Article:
Another way to fix 404 errors is by restoring the broken page into a working page on your website. Like ignoring a 404, restoring a broken page is rarely the best solution, but it can be an effective for certain types of 404 errors.
Typically, though you'd fix a 404 error by redirecting the broken URL to another page on your site. Or, if the 404 is accessible from a broken link on your site, you'd correct the broken link.
The easiest way to explain is by example. Let's walk through two examples, each offering different reasons for restoring a 404 error.
A news website removed several hundred old news articles from their site. These articles were more than three years old and contained outdated information. As a result, the publishers of the new site assumed none of these articles were of interest to their visitors (and, therefore, were not getting any visits).
After installing SpringTrax, the publishers discovered that some of those removed articles were still being visited by a few hundred visitors each month. Because most people leave after reaching a not found error, this cost the news site hundreds of visitors and a significant amount of ad revenue. They knew fixing these 404 errors would result in a better experience for their visitors and an increase in ad revenue.
To fix these 404s, the publishers were able to redirect the majority of the removed stories that were getting visited. Following recommendations from SpringTrax, they found other similar stories to redirect those old stories to. By redirecting the majority of the broken pages, the publishers were able to give visitors the news they were interested in and regain some ad revenue in the process.
However, about a dozen of the old stories getting visits had no place they could be redirected. So, instead of redirecting those articles, the news site restored those old articles. By doing so, they regained visitors (sending them to an article, instead of an error page) and regained lost ad revenue.
Another examples comes from an online retail store. They removed a few pages from their site during the latest redesign. A few of the removed pages were dedicated to discussing products that this site no longer carried.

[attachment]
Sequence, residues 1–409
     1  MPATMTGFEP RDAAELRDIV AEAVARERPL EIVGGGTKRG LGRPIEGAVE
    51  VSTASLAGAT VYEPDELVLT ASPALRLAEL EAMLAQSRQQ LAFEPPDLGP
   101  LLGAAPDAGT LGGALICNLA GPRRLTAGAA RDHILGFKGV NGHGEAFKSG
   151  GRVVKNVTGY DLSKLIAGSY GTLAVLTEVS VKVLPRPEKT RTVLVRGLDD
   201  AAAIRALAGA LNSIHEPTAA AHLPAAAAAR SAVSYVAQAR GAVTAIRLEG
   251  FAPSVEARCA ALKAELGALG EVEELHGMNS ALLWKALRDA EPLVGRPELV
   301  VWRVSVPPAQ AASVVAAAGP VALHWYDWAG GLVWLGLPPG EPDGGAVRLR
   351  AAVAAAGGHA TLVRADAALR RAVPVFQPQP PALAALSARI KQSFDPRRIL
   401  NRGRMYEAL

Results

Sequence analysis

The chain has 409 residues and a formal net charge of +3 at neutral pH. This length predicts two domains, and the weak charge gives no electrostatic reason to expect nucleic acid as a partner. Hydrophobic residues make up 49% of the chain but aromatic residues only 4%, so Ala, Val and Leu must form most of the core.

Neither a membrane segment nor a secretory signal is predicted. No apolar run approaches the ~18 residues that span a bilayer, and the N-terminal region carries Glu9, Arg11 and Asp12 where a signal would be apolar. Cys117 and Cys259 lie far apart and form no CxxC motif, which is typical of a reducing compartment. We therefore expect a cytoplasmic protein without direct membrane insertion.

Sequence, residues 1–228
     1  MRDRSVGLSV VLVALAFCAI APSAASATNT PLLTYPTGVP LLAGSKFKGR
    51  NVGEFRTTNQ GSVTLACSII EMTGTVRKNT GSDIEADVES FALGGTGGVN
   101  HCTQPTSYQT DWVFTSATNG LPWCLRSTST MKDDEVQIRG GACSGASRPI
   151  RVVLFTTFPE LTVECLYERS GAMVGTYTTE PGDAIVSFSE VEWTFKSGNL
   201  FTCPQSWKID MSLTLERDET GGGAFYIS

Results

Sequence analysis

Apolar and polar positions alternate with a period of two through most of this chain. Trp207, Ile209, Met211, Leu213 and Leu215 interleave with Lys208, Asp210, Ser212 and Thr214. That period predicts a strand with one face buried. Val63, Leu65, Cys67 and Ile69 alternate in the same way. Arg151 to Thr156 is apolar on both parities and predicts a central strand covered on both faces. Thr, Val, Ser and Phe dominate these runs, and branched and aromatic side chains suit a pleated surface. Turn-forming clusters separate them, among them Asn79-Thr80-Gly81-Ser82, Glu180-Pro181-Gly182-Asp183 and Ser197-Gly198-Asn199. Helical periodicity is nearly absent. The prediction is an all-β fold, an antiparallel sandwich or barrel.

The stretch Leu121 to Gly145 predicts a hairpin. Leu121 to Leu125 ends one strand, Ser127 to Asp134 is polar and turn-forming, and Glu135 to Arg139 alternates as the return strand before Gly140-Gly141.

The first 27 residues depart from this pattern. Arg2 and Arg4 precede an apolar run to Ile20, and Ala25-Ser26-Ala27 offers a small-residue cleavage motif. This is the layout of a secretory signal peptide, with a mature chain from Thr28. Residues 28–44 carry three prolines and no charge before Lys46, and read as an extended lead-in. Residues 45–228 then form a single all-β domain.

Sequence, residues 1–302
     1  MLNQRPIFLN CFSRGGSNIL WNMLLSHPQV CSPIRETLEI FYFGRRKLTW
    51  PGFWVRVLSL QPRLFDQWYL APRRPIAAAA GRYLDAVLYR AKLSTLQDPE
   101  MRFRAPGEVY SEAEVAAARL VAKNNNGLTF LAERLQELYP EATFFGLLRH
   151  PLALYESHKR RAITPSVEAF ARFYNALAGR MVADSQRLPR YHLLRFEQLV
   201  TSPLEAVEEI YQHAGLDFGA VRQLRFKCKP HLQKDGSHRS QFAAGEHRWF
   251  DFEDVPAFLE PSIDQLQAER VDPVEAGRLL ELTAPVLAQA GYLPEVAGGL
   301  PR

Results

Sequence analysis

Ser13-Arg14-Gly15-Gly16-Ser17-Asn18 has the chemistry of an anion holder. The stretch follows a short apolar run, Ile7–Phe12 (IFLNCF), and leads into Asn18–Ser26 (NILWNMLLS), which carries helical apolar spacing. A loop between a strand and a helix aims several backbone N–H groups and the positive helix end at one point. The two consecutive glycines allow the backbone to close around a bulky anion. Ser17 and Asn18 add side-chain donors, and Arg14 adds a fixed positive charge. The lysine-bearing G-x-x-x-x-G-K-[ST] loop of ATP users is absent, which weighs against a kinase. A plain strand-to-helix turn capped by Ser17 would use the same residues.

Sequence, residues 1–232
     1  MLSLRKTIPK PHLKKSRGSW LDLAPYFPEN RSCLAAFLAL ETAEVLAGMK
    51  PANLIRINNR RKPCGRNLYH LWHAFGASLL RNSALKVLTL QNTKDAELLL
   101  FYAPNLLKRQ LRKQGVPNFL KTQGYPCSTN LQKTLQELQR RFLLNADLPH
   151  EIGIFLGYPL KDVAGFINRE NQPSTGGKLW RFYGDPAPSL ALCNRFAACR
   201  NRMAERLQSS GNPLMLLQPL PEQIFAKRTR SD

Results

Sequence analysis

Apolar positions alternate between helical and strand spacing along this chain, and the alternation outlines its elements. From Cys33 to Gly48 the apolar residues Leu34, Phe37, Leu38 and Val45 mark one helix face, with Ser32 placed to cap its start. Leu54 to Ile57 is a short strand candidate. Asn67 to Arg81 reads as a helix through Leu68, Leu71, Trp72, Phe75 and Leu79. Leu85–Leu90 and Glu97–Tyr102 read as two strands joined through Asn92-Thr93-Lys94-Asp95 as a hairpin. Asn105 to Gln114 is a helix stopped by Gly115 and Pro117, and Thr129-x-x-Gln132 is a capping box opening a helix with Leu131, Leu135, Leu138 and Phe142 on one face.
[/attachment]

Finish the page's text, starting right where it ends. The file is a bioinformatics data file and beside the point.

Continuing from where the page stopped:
After installing SpringTrax following the redesign the managers of the website discovered (via SpringTrax) that these old product pages still were getting visitors.
The visitors were expecting to find information about a product and likely wanted to buy that product. But, because the product page had been removed, the visitors now encountered an error message saying the page for this product could not be found.
Once they realized how many visitors were still looking for these old products, the managers of the website realized that these errors were costing them dozens of sales every week. This cost them hundreds of dollars every week as well.
Instead of redirecting to a different product, the retailer created a page for each old product located at the same URL. The page explained why this retailer no longer carried those old products. In most cases, the reason was due to safety concerns related to changes the manufacturer had made. The retailer wanted to take this opportunity to educate their visitors and customers. Along with the explanation, the retailer provided links to alternative products available for purchase on their site.
This had two positive effects. First, the retailer saw an increase in sales for the alternative products suggested. Second, the retailer also saw an increase in customer satisfaction because of how they explained the situation and offered to educate their customers.
Review your 404 errors and see if there are any 404s where you can create a working page to fix the 404. Typically, this will happen when there is no good place to redirect to, but when there is still an opportunity to satisfy your customers who are visiting your website.